Todd Boehly will become Chelsea’s controlling owner when the US magnate’s consortium completes the £4.25billion Stamford Bridge club purchase.
Eldridge Industries founder and Los Angeles Dodgers co-owner Boehly will hold the most influence in the consortium that will buy Chelsea from Roman Abramovich.
Clearlake Capital co-founder Behdad Eghbali will work closely with Boehly and will be understood to take an active role in major financial decisions.
California-based Clearlake is expected to take on the majority shareholding in the Boehly consortium.
Clearlake’s bosses have thrown their weight behind Boehly as the consortium chief despite the investment firm’s shareholding however.
That confidence in Boehly taking the controlling ownership role is understood to represent a major expression of faith in the prospective new Chelsea owner’s judgement.
Boehly and Eghbali enjoy a close and robust working relationship, upon which the entire bid has been built.
Boehly’s fellow Dodgers co-owner Mark Walter and Swiss billionaire Hansjorg Wyss will assume more supportive roles in the new Chelsea ownership structure.
Jonathan Goldstein is also understood to have played a central role in the Boehly consortium’s success in the race to buy Chelsea.
The British property investor is Boehly’s long-term business partner and – while the Cain International chief executive is not expected to take a formal role on Chelsea’s board – he will retain an influential role in the incoming set-up.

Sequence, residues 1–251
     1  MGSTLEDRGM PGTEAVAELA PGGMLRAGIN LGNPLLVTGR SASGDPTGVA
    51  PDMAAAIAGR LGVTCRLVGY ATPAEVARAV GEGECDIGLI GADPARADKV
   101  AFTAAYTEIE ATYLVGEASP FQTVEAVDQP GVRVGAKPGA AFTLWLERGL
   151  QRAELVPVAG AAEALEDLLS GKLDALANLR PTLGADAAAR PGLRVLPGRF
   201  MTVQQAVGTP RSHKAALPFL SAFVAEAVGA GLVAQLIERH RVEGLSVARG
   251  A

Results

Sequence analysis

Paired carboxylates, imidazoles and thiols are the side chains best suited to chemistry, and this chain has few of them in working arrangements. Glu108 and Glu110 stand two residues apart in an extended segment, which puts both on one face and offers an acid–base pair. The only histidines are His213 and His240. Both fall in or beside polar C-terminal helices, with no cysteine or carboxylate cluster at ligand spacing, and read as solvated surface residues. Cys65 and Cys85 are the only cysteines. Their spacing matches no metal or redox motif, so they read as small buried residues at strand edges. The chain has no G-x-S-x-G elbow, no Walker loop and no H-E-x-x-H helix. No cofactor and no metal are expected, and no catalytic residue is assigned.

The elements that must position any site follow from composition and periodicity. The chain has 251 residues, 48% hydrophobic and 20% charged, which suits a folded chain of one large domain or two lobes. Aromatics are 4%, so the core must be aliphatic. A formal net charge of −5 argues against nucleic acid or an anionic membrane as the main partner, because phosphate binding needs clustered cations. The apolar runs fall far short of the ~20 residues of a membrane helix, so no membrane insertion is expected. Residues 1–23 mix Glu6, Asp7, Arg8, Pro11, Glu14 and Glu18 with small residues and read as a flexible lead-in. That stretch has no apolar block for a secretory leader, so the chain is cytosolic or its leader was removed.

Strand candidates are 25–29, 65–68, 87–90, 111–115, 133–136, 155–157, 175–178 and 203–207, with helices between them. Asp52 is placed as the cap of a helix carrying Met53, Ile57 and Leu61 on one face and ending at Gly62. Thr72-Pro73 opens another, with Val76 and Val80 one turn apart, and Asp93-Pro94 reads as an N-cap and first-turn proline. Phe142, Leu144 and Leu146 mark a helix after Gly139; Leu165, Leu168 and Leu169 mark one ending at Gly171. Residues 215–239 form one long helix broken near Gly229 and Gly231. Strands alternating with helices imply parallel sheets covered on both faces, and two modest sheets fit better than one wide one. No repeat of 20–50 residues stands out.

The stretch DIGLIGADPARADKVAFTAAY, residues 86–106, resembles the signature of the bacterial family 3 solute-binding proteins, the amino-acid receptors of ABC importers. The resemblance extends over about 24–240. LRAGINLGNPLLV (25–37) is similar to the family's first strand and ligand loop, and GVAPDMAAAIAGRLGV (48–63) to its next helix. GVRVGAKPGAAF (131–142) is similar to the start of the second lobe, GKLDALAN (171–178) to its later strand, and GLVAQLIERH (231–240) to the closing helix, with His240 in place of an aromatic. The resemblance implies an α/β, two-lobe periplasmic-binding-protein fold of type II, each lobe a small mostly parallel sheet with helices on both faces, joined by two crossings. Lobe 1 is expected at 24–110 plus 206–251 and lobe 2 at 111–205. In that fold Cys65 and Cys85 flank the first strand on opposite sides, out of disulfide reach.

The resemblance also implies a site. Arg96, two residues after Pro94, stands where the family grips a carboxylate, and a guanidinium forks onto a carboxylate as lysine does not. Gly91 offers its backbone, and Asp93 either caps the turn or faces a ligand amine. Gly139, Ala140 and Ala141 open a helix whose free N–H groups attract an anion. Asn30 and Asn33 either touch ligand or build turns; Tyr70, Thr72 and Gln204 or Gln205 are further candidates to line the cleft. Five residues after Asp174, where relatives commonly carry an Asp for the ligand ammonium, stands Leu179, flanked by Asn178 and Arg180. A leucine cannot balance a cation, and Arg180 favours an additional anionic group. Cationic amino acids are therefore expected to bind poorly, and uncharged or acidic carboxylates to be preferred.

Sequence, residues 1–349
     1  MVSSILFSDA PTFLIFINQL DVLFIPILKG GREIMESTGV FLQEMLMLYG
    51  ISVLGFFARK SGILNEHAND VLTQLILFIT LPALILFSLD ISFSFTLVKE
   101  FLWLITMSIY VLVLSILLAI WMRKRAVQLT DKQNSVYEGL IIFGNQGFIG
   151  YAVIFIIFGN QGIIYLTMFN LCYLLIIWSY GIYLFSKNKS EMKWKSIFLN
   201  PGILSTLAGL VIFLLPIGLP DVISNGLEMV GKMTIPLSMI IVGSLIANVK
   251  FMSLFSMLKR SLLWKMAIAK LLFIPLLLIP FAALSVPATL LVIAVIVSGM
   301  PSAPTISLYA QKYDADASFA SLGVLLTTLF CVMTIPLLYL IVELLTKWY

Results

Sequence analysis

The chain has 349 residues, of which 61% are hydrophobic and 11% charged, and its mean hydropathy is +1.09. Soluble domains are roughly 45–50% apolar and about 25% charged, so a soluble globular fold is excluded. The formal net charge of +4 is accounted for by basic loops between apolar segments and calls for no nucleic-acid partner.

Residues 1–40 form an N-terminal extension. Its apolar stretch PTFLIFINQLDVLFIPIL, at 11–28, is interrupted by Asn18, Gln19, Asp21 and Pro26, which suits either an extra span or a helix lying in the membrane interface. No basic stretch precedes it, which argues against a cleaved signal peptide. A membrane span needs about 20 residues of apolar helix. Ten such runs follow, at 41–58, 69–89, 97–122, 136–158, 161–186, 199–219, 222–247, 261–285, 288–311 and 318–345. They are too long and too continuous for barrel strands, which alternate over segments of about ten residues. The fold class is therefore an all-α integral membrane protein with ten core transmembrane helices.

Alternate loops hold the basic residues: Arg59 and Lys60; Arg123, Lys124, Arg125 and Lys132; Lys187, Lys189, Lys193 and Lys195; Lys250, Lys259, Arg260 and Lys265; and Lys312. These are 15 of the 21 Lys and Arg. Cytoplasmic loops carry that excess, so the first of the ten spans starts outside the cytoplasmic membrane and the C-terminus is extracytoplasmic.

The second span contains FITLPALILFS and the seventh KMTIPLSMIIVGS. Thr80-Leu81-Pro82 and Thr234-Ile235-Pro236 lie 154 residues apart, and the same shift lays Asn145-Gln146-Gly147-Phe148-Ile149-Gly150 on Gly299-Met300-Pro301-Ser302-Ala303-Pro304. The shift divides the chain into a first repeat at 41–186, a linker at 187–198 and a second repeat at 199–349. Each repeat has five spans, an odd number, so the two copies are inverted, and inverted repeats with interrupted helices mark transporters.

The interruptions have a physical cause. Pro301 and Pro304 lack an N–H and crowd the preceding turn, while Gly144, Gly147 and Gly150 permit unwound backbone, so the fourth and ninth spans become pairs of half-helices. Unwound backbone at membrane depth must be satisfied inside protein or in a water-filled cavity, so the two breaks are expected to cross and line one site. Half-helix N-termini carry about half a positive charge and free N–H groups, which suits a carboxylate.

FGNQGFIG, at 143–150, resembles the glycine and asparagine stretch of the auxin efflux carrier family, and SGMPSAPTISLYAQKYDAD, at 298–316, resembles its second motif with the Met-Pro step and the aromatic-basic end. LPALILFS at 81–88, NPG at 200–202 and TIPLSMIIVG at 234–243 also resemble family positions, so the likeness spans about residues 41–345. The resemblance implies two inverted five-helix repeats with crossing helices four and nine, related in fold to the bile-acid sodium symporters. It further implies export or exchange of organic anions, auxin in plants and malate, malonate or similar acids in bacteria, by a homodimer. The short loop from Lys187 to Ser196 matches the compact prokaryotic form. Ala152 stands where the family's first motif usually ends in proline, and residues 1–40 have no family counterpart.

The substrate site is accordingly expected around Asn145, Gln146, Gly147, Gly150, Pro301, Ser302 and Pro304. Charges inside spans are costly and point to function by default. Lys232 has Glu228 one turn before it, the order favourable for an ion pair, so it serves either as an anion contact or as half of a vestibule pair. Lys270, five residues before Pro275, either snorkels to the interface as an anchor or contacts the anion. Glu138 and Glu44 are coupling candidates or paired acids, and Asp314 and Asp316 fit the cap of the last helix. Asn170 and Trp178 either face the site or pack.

Chairman Bruce Buck and director Marina Granovskaia should retain their roles once the Chelsea takeover is completed, with the sale remaining on course to be wrapped up ahead of the May 31 deadline.
Only Premier League and government approval now stand between Boehly’s consortium and owning Chelsea.
Abramovich put Chelsea up for sale on 2 March amid Russia’s continued invasion of Ukraine.
The 55-year-old was then sanctioned by the UK government on March 10, with Downing Street claiming to have proven the Russian-Israeli billionaire’s links to Vladimir Putin.
Boehly has won the race to buy the Stamford Bridge club for a record sports-club fee, having beaten Sir Martin Broughton and Steve Pagliuca to strike their deal.
The Ricketts family-led bid had put together a compelling submission, only for late internal differences over their consortium’s composition to lead to the Chicago Cubs owners withdrawing their candidacy.
Britain’s richest man Sir Jim Ratcliffe’s last-minute bid that was submitted outside of the formal process was considered, but ultimately rejected by the Raine Group, the New York bank handling the sale process.
The path now remains clear for Boehly and his winning consortium to complete Chelsea’s sale well in advance of the 31 May deadline, when the Blues’ temporary licence expires.
Boehly could even wrap up the deal to take charge before the end of the season, with Chelsea hosting Watford on 22 May to close their Premier League campaign.